Responsive design has the same user interface on every device, so it always accommodates available space. As a result, desktop screens could have a three or four-column layout, while a mobile screen could have only a single-column web layout since contents get squeezed in to fit the screen.
On the other hand, adaptive web design ensures a different interface and layout for specific devices. It offers an appropriate user experience for at least 6 screen sizes. Example: 320px, 480px, 760px, 960px, 1200px, and 1600px.
In responsive design, developers implement the same line of code on whatever device. As a result, it will take time to load.
On the other hand, adaptive sites will deliver code for the specific device or screen size. Therefore, they are much faster to load compared to responsive sites.
In responsive design, developers require more coding to optimize each web page content to respond to different screen sizes. But having said that, it is a much easier project to take on for developers, especially if there is a tight deadline.
When it comes to adaptive design, it is easier to implement for developers because they make specific code for the given device. However, adaptive web design projects can be a lot of weight on the developer’s shoulders as they may need to design up to 6 screen sizes.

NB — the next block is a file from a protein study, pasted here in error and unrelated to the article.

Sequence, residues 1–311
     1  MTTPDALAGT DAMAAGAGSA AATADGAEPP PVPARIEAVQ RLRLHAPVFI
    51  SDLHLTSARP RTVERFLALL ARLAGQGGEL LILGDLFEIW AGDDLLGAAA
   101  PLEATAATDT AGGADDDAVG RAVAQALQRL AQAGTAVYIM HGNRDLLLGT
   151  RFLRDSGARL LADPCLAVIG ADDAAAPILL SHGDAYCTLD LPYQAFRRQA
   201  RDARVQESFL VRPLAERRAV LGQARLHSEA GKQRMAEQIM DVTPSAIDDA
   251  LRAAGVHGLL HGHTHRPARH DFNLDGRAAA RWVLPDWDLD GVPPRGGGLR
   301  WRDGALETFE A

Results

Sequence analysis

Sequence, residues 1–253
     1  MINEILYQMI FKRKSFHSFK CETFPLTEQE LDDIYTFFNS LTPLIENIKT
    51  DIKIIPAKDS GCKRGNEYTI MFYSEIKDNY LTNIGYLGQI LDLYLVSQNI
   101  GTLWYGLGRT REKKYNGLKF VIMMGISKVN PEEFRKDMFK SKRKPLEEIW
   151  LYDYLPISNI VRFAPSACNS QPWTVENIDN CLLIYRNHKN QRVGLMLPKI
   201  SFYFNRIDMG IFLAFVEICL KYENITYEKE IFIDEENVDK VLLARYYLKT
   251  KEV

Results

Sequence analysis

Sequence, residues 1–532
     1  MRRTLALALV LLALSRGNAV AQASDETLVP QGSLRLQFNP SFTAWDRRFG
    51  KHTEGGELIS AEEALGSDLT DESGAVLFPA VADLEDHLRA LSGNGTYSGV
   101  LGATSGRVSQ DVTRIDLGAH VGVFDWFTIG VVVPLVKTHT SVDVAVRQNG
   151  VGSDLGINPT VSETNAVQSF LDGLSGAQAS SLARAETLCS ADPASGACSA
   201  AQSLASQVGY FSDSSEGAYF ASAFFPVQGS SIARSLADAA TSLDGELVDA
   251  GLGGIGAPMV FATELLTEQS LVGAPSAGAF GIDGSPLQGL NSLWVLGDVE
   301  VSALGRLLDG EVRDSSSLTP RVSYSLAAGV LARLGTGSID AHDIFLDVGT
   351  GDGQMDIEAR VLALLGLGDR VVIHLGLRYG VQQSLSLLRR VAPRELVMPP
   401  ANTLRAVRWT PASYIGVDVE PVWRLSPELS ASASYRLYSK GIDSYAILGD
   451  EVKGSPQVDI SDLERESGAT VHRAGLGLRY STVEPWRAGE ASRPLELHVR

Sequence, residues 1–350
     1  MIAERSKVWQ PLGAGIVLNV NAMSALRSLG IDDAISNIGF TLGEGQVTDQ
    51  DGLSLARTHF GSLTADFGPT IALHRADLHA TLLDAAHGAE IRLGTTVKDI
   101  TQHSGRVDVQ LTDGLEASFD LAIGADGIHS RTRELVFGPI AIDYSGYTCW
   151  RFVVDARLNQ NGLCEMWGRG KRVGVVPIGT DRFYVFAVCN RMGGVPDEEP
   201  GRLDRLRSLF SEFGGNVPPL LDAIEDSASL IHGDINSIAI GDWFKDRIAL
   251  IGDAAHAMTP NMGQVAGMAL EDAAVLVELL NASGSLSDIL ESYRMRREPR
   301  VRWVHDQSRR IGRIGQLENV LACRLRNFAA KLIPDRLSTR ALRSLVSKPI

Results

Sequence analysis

Google highly recommends responsive sites. Because it has one set of code and the same URL, it becomes more search-efficient on Google.
On the other hand, Google has to crawl two sets of code when it comes to adaptive sites. It makes it less search-efficient in the search engine. Furthermore, there is a risk of link dilution because two URLs offer the same content.
Part 3. When to Choose Adaptive Design & Responsive Design?
Choosing either to go for adaptive design or responsive design can depend on various conditions. For instance, it depends on:
- Client requirements: Specific requirements from the client can influence your decision. If the client requires a separate mobile version of the site that caters to their users, then you are better off using adaptive design.
- Your target users: If your audience only requires to use the desktop version, then responsive design is all you need. If your audience uses various devices and needs a better user experience, then the adaptive design is the way to go.